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PDF Download - Society of Environmental Journalists

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FeatureAt Sundance,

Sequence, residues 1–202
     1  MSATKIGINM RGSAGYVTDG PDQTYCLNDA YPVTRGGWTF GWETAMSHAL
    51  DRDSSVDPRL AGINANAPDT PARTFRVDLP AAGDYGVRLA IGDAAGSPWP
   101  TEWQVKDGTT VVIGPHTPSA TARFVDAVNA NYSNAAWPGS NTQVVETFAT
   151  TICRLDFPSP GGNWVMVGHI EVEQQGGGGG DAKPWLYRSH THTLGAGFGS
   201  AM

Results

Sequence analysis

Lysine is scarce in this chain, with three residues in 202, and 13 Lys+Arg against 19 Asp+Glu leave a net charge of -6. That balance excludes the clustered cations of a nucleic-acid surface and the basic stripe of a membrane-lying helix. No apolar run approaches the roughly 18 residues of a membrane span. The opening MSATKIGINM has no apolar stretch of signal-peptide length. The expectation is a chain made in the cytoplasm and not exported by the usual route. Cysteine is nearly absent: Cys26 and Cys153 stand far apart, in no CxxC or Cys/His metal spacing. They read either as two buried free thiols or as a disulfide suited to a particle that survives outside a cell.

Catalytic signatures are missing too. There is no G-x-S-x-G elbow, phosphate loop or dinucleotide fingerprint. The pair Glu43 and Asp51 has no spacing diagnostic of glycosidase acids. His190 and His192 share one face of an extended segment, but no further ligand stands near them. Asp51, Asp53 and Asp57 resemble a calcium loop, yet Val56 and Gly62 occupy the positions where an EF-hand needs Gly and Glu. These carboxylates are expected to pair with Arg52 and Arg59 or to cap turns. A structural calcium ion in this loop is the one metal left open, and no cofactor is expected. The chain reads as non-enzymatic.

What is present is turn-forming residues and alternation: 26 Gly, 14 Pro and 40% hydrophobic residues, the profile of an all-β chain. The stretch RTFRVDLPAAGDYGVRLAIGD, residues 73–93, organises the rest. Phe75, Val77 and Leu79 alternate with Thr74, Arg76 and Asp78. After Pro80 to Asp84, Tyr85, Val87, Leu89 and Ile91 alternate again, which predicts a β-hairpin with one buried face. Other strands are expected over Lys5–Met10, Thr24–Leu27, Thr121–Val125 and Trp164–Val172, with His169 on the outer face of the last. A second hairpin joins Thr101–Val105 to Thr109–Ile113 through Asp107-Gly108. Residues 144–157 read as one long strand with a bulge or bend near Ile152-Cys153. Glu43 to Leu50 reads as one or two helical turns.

FeatureAt Sundance, filmmakers tackle everything fromcane toads to climate-change victimsBy JOANN M. VALENTIThe odds at Sundance seem overwhelming. When 9,816 filmsare submitted and only 186 accepted for screening, it’s no wonderthe chosen filmmakers so easily ignore the thin mountain air, tenfootsnow drifts, 20 degree F. highs, and knee-deep slush betweenvenues in Park City, Utah. With this year’s mantra to “rebel”, “dareto grow from underground,” finding films with an environmentaltheme was not too difficult. That is, in the documentary orshorts categories.None of the feature-length dramas, those films you’re mostlikely to find in local theaters, addressed environment issues.Award winners in the feature category and films picked up bymajor distributors focused more often on bad behavior, sex, crime,betrayal, torture, war or drugs. Evidence perhaps of Redford’sworry that “we [are] sliding…flatlining” from the foundingprinciple to create and nurture alternatives to Hollywood fare.Eight environmentally focused documentaries screened: CaneToads: The Conquest, Climate Refugees, Gasland, Waste Land,Countdown to Zero, Pumzi, Vegetarian and Obselidia, the winnerof the Alfred. P. Sloan Award for science content. Seven short filmscovered environment topics: Born Sweet (an honorable mentionaward winner telling a story of arsenic leaks in UNICEF dug wellsin Cambodia), Plastic and Glass, Rains, Vostok Station, DrunkHistory: Tesla & Edison, Tungijuq and Mr. Okra.Robert Redford’s annual independent film event, held the lastten days in January, brought out the usual crowds from industry insearch of audience pleasers for distribution, mostly young/strugglingindie filmmakers, people who just love movies, a bevy ofHollywood stars and 1,600 volunteers directing traffic, collectingtickets and doing the general grunt work.Also on hand were Bill Gates (there to see Waiting for Superman,a doc critical of the U.S. education system, winner of anaudience award and acquired for U.S. release this fall), KokoWarner from the U.N.’s University Institute for Environment andHuman Security and long-time environmental advocate LesterBrown, who appeared with Warner in Climate Refugees andparticipated in a panel discussion on climate change. Environmentissues also featured prominently in several high tech, interactiveart installations.A fact sheet listed the festival’s sustainability commitment andactivities to lower energy consumption, reduce waste streams,conserve natural resources and eliminate disposable shoppingbags. A baseline assessment of the festival’s environmental impactsis under way.The Sundance Festival’s 2010 oft-repeated theme madeRedford’s intent clear: This is the Renewed Rebellion Against theEstablishment of the Expected. On day one, Redford admonishedthe audience to “get back to our roots” and again emphasized theimportance of documentaries and diversity. The festival’scategories listed first-time, female, native or indigenous andinternational filmmakers. Forty-one countries were represented.Although not an award winner, Climate Refugees aims toheighten concern about climate change. Director Michael Nashwants to “put a human face” on the consequences of disastrouschanges already taking place around the planet. Interviews withexperts, including Stanford’s Stephen Schneider, Paul Ehrlich andglobal security leaders, predict that “climate wars” will come inthe wake of millions of poor displaced by the ravages of floods,storms, disappearing land mass and massive water issues. Artificialpolitical borders are being breeched. The documentary argues thatBangladesh, ground zero for climate change’s impact, will soonbe uninhabitable, along with other island states. “Nature is at warwith us,” one of the many featured refugees cries. Migrations intoother countries have led to national crises. The Malthusian predictionis evident. “It’s a moral issue,” the film warns, “a last callfor humanity.” Katrina and Haiti loomed large in postscreeningdiscussions.Attacking a lesser known environmental issue is John Fox’sGasland. Fox, who owns acreage in Pa. where toxic spills fromnatural gas drilling is ongoing, follows the trail of the Halliburtondevelopeddrilling technology called hydraulic “fracking” acrossthe country and interviews those impacted. Homeowners relyingon well water easily ignite the stream flowing from kitchen faucets.Fox attempts to interview dozens of government sources only to beblown off. He lists the no-return calls, refusals and failedinterviews at the end of the film. A nice touch. It will lookfamiliar to any environmental journalist.Fox reports that the industry knew of problems but opted topay for any resulting fines rather than bother to get permits or gothrough a public hearing process. So far that seems to be working.It’s hard for homeowners to prove effects, Fox said, because thereis no science. The EPA failed to make decisions based on science,he told me in an interview during the festival. His film documentsthe dismantling of the needed science. Only whistleblowers andnoted scientist Theo Colborn provide data, independent science toshow that leaking chemicals contaminate groundwater whereverdrilling occurs.“You can’t switch the burden of expertise onto the citizenry,”the obviously frustrated Fox told me. He’s encouraged recentlywith changes at EPA and the agency’s open online tip line, butwonders still about the agency’s enforcement efforts. These gas14 SEJournal Spring 2010